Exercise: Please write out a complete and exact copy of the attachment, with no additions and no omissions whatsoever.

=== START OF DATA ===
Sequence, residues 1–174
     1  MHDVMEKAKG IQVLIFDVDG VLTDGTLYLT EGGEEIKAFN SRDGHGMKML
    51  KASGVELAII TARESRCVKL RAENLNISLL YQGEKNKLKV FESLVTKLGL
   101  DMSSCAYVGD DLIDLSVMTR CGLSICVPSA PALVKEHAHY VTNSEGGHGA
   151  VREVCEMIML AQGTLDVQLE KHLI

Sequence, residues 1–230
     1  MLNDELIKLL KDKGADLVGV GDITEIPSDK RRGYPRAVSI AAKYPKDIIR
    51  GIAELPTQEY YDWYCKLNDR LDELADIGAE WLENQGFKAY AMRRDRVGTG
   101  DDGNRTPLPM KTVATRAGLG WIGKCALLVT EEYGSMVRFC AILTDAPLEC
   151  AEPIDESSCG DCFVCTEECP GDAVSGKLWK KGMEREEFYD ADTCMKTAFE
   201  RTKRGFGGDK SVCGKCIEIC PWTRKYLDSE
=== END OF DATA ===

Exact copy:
Sequence, residues 1–174
     1  MHDVMEKAKG IQVLIFDVDG VLTDGTLYLT EGGEEIKAFN SRDGHGMKML
    51  KASGVELAII TARESRCVKL RAENLNISLL YQGEKNKLKV FESLVTKLGL
   101  DMSSCAYVGD DLIDLSVMTR CGLSICVPSA PALVKEHAHY VTNSEGGHGA
   151  VREVCEMIML AQGTLDVQLE KHLI

Sequence, residues 1–230
     1  MLNDELIKLL KDKGADLVGV GDITEIPSDK RRGYPRAVSI AAKYPKDIIR
    51  GIAELPTQEY YDWYCKLNDR LDELADIGAE WLENQGFKAY AMRRDRVGTG
   101  DDGNRTPLPM KTVATRAGLG WIGKCALLVT EEYGSMVRFC AILTDAPLEC
   151  AEPIDESSCG DCFVCTEECP GDAVSGKLWK KGMEREEFYD ADTCMKTAFE
   201  RTKRGFGGDK SVCGKCIEIC PWTRKYLDSE